With less than six months to go before the November election, the Supreme Court has handed President Barack Obama a victory: It has upheld his federal health care law, otherwise known as the Affordable Care Act.
The high court announced Thursday, in a 5-4 decision, that it was upholding the most controversial part of the law, which is that most individuals must buy health insurance or pay a penalty.
The decision means the health care reform will move forward over the next several years, affecting the way people receive and pay for personal medical care. About 30 million of the 50 million uninsured Americans will get coverage in 2014. Click here for an easy roadmap to what it all means.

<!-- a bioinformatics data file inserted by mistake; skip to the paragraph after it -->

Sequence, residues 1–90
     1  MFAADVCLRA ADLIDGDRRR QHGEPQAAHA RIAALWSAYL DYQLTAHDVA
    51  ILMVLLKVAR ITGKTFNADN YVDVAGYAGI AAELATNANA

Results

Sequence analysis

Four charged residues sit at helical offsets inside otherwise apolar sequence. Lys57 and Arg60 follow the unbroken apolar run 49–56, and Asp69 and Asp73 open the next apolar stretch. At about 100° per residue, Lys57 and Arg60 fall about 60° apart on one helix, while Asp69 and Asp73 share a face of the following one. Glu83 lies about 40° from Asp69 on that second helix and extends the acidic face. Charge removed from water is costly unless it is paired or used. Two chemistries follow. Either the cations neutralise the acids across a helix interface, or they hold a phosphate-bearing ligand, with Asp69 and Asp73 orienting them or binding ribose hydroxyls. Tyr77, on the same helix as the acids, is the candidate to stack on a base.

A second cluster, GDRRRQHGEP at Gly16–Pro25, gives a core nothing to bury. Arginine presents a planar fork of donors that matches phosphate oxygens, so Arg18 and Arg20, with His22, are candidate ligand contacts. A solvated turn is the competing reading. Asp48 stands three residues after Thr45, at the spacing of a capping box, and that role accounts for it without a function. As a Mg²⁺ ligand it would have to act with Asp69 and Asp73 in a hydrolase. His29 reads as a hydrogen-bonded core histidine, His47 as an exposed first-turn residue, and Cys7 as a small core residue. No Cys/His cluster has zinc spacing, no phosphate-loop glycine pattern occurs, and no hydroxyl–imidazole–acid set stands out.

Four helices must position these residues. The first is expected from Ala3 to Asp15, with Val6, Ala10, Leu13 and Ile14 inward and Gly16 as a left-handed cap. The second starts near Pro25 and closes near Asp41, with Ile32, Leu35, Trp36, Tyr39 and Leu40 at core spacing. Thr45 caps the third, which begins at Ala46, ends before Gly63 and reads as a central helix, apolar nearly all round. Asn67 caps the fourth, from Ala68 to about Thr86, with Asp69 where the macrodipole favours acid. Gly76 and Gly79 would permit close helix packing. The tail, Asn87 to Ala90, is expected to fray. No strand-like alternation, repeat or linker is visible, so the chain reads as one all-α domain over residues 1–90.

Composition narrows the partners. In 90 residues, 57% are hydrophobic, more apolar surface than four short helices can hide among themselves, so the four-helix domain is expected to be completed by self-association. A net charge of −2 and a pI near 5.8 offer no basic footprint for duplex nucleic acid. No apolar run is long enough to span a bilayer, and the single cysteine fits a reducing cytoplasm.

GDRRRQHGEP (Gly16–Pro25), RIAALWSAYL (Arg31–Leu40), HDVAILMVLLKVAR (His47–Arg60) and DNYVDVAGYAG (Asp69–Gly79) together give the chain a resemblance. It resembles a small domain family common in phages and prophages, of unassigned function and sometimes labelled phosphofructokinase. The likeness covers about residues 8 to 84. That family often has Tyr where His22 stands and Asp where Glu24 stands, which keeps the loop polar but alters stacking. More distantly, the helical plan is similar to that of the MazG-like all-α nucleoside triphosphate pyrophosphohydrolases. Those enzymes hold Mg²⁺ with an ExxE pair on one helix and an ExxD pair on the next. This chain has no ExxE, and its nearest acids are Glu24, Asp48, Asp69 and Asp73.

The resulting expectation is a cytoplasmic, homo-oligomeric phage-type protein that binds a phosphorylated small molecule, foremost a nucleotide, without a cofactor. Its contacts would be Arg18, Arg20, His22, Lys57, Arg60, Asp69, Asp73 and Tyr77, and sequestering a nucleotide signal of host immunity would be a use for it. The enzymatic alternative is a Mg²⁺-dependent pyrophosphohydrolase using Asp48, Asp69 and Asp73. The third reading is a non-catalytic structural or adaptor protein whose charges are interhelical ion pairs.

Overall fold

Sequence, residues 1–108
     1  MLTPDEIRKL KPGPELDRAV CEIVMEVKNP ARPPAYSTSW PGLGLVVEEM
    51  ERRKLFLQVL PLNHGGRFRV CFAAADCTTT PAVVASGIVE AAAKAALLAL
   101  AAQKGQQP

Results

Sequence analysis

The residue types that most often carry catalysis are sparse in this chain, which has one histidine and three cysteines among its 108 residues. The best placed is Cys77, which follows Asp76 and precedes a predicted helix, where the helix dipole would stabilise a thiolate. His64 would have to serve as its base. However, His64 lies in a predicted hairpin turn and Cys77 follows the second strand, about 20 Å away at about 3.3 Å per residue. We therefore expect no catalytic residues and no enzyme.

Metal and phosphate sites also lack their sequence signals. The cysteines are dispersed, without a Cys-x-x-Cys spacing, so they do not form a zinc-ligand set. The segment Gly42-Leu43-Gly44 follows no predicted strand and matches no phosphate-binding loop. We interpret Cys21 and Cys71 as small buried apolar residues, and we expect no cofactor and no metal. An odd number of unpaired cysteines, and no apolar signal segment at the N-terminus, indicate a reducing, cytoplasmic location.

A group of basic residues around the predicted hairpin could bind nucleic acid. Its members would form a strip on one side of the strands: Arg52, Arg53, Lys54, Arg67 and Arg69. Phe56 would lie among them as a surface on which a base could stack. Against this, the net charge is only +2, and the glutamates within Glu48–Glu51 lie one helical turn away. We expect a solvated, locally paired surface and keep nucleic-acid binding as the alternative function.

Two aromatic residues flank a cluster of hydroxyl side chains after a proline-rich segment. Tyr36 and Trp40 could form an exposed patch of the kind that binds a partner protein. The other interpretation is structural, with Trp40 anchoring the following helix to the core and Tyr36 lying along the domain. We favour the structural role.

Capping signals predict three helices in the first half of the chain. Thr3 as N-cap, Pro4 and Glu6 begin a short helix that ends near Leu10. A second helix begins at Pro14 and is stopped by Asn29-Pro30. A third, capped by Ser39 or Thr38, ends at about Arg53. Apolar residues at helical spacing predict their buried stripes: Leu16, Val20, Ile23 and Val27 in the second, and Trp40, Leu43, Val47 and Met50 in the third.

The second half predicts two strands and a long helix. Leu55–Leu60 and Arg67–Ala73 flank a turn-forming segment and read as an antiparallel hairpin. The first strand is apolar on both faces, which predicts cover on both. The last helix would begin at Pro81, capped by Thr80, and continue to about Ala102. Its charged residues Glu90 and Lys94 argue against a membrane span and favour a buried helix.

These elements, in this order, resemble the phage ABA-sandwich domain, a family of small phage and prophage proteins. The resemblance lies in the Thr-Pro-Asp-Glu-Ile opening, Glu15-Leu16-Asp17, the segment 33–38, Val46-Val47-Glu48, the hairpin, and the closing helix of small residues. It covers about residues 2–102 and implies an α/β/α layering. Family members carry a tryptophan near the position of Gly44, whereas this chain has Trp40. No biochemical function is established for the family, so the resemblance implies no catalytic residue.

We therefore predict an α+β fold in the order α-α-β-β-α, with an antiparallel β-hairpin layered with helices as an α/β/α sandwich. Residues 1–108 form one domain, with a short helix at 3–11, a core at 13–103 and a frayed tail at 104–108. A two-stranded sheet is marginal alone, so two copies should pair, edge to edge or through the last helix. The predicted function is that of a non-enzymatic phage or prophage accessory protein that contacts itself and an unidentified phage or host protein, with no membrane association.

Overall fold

Republican presidential candidate Mitt Romney is dubbing himself the next best hope for the millions of Americans who wanted to see the law overturned, despite signing a health care law on which the president's federal law was modeled during his tenure as Massachusetts governor.
Republican National Committee Chairman Reince Priebus told The Associated Press that the decision sets the stakes for the Nov. 6 election.
"Now, the only way to save the country from Obamacare's budget-busting government takeover of health care is to elect a new president," Priebus said.
The Associated Press reports polling shows most Americans oppose the law, but an overwhelming majority want Congress and the president to find a new remedy.